Sean Goedecke

How LLMs work

Over the last few weeks I’ve been playing around with the excellent llama2.c repository, which is basically a simple one-file C implementation of the Transformer architecture that powers models like Meta’s LLaMA and OpenAI’s GPT models. I’ve learned a lot and want to write about what I’ve learned.

My general idea is to start very broad, then slowly zero in until I’m deep in the specifics of how the llama2.c architecture works (and thus how transformers work in general). If you want to follow along with my JS port, it’s here.

What is a neural network? What is a LLM?

A LLM, or “large language model”, is a particular kind of “neural network”. Neural networks aim to predict some likely output based on a given input, with applications as broad as that description suggests. Think of a neural network model as a deliberately complex apparatus with hundreds of thousands of knobs and levers that transform input to output. As the model is trained, those knobs and levers are twiddled by trial and error into a configuration that works pretty well for some specific task.

For context on why you’d do this instead of trying to actually program the task, see Rich Sutton’s The Bitter Lesson.

A LLM specifically is a kind of model that aims to predict the next piece of text in a sequence. For instance, if it had the prompt “Once upon”, it might predict “Once upon a” - and then if you feed that back in and let it predict again, it might arrive at “Once upon a time”, and so on. Models like LLaMA and GPT-3/4 do this surprisingly well due to a number of innovations, some of which I’m going to go on to explain.

Some more detail: in practice, the “knobs and levers” are numerical values in a set of giant multi-dimensional matrices, called “weights”. And the model doesn’t predict a word, it predicts a “token”, which is usually a piece of a word (for instance “raven” might decompose into “ra” and “ven”). Spaces and punctuation are tokens too. Finally, when we say the model “predicts a token”, what it’s really doing is outputting the probabilities of all possible tokens (so if there’s 32,000 possible tokens, it outputs a 32,000 length list of probabilities). That gets turned into text by picking the most likely token, or by some slightly more complex method that we’ll talk about later. We call these probabilities “logits”.

“LLM engineering” at different layers

We can divide “AI engineering” or “LLM engineering” into five rough domains:

  1. Designing and innovating model architecture: e.g. attention mechanisms like RoPE, non-linearity like SwiGLU
  2. Training new models: building datasets, messing with head sizes/layers/etc
  3. Inference engineering: making changes during the model’s inference (token generation) step
  4. Post-processing: making changes after the logits are produced, such as token sampling techniques, confidence estimates, and grammar-aware logit sampling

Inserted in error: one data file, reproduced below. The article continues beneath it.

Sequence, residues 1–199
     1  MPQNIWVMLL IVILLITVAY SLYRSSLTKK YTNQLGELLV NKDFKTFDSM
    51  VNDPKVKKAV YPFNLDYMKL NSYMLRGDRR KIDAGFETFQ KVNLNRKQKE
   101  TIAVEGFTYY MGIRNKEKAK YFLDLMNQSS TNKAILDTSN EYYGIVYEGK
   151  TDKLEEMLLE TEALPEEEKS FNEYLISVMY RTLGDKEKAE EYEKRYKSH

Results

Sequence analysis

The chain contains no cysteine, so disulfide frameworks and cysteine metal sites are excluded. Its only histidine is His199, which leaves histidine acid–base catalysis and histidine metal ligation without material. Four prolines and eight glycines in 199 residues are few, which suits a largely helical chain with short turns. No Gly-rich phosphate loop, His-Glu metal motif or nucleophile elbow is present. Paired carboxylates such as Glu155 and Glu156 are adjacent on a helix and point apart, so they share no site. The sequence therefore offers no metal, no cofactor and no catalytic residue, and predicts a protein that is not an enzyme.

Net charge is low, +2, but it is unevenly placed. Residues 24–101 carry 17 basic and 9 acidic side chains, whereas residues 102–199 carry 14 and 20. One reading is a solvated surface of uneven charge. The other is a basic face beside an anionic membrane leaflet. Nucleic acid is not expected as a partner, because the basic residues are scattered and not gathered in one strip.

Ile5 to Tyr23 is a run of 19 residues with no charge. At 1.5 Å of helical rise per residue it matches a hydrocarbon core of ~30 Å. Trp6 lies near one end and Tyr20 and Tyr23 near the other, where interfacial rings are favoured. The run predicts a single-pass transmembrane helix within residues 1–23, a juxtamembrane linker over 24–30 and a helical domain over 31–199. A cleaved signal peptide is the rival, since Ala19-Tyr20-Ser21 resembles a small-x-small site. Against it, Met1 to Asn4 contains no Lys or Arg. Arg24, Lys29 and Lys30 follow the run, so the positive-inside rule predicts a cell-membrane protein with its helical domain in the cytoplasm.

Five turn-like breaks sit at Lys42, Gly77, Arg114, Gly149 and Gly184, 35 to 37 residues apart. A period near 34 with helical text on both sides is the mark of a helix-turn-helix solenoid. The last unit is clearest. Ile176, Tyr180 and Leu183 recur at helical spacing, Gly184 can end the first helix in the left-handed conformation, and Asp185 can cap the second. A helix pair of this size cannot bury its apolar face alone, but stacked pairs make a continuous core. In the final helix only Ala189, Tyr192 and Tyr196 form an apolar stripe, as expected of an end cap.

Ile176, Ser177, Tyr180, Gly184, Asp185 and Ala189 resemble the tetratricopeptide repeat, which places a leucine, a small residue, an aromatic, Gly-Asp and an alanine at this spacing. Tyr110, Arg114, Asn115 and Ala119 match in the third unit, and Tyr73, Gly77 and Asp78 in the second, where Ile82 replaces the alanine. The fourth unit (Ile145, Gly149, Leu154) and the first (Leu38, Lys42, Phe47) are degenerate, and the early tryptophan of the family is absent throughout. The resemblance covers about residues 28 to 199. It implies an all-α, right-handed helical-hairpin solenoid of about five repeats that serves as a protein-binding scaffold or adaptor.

5. Prompt engineering, agents, and chaining: engineering a system around a text-in/text-out API

I’ve put these in rough order of effort. To design and train models, you need a lot of compute, time and money. You can do inference engineering and post-processing by messing around with a small local model (which is what I’ve done). And you can do prompt engineering and some post-processing against the OpenAI API, or even sometimes without programming at all.

I’m going to be mostly talking about (3) and (4). But as one point of context, I want to emphasize that you can’t make drastic changes to the model’s inference step without designing and training a new model. You train a new model by running the inference step over and over as the weights get fiddled with, so if you take an existing model and try to do inference differently, the weights won’t work as they’re supposed to. Changes to the inference step are mostly performance-related (e.g. you can train a model using slower but more readable/powerful Python code, but rewrite the inference step in fast C++ for the production deployment - or you can train with 32-bit floats, but round your weights down to 4-bit ints during inference for faster but less accurate operations, which is called “quantizing”). I say mostly, because as we’ll see there’s some interesting things you can do to the inference step without breaking the model.

General structure and tokenization

In the rest of this post I’ll be talking in some detail about llama2.c, as an example of how LLMs work. In practice, I think it’s slightly architecturally ahead of GPT-2, a bit behind GPT-3 (maybe?), and definitely behind GPT-4. But the principle is the same: more complex models just have more complex systems bolted on in different ways. So how does it work?

  1. Take a prompt as a command-line argument from the user
  2. Decompose the prompt into a sequence of tokens
  3. Run the model through that sequence with a “forward pass”, repeatedly
  4. Once we’re at the end of the prompt, start adding the model’s most likely prediction to the end of the sequence
  5. Continue until we’ve done the requested number of steps or until we hit a special “end sequence” token

I’m going to mostly talk about how (3) works, but a quick word on 2: we decompose the prompt into tokens by using what is effectively a giant lookup table. Each element in that table is formatted like this.

{
    tokenId: 1,
    tokenContent: 'elem',
    tokenScore: 0.52 
}

That tokenScore is crucial, because it determines what tokens are “better” than others. Remember that we have 32,000 possible tokens: every letter is a token, and every letter pair, and every letter with a space before or after it. When we’re tokenizing “Once”, we want to make sure we have a single token that represents the entire word, not four tokens for each letter, or two tokens for “On”/“ce”. (Note that the model doesn’t think like us, and sometimes prefers to split a word into tokens, or to include a space on one end).